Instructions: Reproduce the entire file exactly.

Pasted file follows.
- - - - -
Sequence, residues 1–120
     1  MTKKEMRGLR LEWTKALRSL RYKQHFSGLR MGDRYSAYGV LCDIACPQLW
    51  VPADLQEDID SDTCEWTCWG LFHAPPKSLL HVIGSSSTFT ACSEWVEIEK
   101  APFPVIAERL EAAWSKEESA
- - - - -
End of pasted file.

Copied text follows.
Sequence, residues 1–120
     1  MTKKEMRGLR LEWTKALRSL RYKQHFSGLR MGDRYSAYGV LCDIACPQLW
    51  VPADLQEDID SDTCEWTCWG LFHAPPKSLL HVIGSSSTFT ACSEWVEIEK
   101  APFPVIAERL EAAWSKEESA